Changes in how they’re trading -  Sometimes the structure of a program’s trades is not dependent on the type of contract, but how different contracts are traded together to manage risk/reward levels.  This mainly shows up in spread trading, be it option spreads or futures spreads. The style drift alert here is when your spread trading program has started taking only one side of the spread, or doing inter-market spreads when it had previously only done calendar spreads. Or perhaps your outright futures program has started taking on calendar spreads, leading to questions such as: how did they back-test their models given the difficulties in acquiring spread data? Changes in the structure of trades may result in substantially different risk/reward levels, which may not be what you’re looking for, nor serve the allocation's original purpose in your portfolio. 

Changes in the market(s) they’re trading - When a CTA develops a managed futures program, market selection is typically a huge component of the program's development. They're specifically hand-picked for a variety of reasons, ranging from field of expertise (think a former floor trader in the grain pits in Chicago) to suitability with a given algorithm for a systematic trader. If the program track record represents trades in index futures but recent trades have included softs, for example, you should be on high alert. Different markets can have vastly different levels of volume and volatility, and a manager who has excelled in trading a particular market may not be able to successfully trade a different one. At the very least, exposure to a different market or sector is likely going to affect the program’s correlation levels to other assets, which can diminish its diversification value.

These changes are usually ones you pick up on by looking at the position breakdowns you receive from your FCM. In some ways, you'd think that these are the ones the individual investor can handle on their own, but whether or not that's true depends on both the investor and the extent of the discrepancy. For instance, not every investor is checking their statements daily, and if the program in question has a shorter average holding time, but a higher frequency of trading, finding these out of the ordinary movements would require a great attention to detail.

The Fast Balls

If so far you're thinking you could handle this job on your own, you may be right. If you're an investor that pays close attention to the basics of how a program is executing, you may be able to catch some of those soft pitches in the heat of the moment. But some of these changes aren't going to come with a flashing neon sign attached to them. They'll be straight over the plate, and noticeable to the trained eye, but the nuance of the changes may make it harder for the individual investor to hit that shift over the wall. Not only will they typically require calculations beyond what your daily statement provides you, you'll likely need data from multiple statements and a thorough understanding of the program and manager to help contextualize the information.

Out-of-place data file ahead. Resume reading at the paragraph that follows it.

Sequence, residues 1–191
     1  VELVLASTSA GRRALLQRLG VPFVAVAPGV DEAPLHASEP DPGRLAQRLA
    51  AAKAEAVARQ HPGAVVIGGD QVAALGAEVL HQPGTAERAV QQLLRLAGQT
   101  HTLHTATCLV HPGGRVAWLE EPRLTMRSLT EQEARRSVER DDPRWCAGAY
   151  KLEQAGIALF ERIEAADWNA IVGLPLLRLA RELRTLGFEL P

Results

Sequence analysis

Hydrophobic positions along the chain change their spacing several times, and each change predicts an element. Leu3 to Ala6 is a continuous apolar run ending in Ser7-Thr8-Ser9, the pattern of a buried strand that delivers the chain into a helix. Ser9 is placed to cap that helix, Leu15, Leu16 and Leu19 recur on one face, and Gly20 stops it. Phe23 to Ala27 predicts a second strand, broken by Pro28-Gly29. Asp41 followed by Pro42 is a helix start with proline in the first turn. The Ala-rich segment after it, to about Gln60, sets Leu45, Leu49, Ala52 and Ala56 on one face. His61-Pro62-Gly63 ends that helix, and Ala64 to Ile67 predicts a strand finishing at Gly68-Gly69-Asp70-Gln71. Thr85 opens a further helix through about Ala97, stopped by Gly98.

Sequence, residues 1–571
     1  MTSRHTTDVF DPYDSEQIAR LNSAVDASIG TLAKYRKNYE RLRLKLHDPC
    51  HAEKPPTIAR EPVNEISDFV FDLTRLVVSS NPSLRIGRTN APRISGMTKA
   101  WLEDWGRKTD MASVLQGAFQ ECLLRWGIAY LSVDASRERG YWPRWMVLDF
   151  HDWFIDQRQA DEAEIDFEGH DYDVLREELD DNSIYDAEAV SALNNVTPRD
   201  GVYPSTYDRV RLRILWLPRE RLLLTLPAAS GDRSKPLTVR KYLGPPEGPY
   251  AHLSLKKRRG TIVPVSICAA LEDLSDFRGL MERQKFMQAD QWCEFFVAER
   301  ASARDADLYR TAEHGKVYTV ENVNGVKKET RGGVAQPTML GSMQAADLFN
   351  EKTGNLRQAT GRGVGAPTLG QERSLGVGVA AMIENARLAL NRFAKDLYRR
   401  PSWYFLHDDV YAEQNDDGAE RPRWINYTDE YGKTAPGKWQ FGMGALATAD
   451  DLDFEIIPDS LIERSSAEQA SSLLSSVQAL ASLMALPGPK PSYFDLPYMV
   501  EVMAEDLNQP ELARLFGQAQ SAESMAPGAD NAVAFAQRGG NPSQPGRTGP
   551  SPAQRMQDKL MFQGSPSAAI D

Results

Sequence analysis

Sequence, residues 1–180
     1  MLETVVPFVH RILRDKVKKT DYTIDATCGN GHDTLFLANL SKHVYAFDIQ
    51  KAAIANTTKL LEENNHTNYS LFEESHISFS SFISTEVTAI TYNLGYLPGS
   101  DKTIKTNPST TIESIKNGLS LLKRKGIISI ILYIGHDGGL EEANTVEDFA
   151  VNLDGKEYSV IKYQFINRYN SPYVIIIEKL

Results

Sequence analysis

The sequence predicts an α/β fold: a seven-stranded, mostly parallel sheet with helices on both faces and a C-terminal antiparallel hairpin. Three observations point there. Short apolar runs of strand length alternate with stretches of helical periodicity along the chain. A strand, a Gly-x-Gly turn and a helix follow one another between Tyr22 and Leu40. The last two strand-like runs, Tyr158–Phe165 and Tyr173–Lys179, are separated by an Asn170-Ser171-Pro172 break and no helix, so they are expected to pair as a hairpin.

Risk per trade -  For systematic traders, the risk they take per trade is usually the backbone of their risk management strategy. A change from risking 1% of equity per trade to 2% of equity can mean annualized volatility changes of 10% or more. Problem is, managers who are looking to perhaps double up during a drawdown, who are facing nothing more than a 2% management fee and a long climb before seeing any incentive fees, may not advertise a change in risk per trade.  And it isn’t something displayed on your daily statement, either - the risk on the trade is not discernable until and unless the trade is closed out at a loss.  This is a tough one to find, but not impossible if you’re looking in the right direction.

But how much of a change in risk per trade is too much? Is it a temporary phenomenon or a long-term shift? Depending on the answers to these questions - and whether the manager is forthcoming or not, higher (or even lower) levels of risk per trade may be cause for concern.  On the flip side - what if a manager has made a lot of money for you, and then ratchets down risk in an attempt to protect the assets? If you are expecting a certain level of volatility and return from that manager, paying him to sit on cash is probably not what you had in mind when you allocated.  

Frequency of trading - Higher or lower frequency of trading could be a cause for concern. For instance, is a manager that typically puts on a half dozen trades for month suddenly putting on thirty or forty? Is a previously active manager suddenly down to a handful of trades each month? Individual investors will sometime be able to pick up on this, but it's not just the difference that matters. The real question is how severe the difference is. Is the change in trading frequency a product of market conditions or manager behavior? If unusual market conditions are behind the change, it is probably nothing to worry about. If, however, the manager has become substantially more aggressive or conservative in his or her trading frequency, you may not see the same performance from the program. 

Size of positions - Many managers will outline the size of trades they're willing to take on when their program is described, but what happens when their trades suddenly fall outside of their described bounds? If you have always seen Gold trades amounting to 2 contracts in your account, and then you see 20 - that’s some style drift. Are they making one big bet? How does it fit with the model? The answers to these questions may not always be obvious, and will often interact with a host of other statistics you'll need to sort through for context.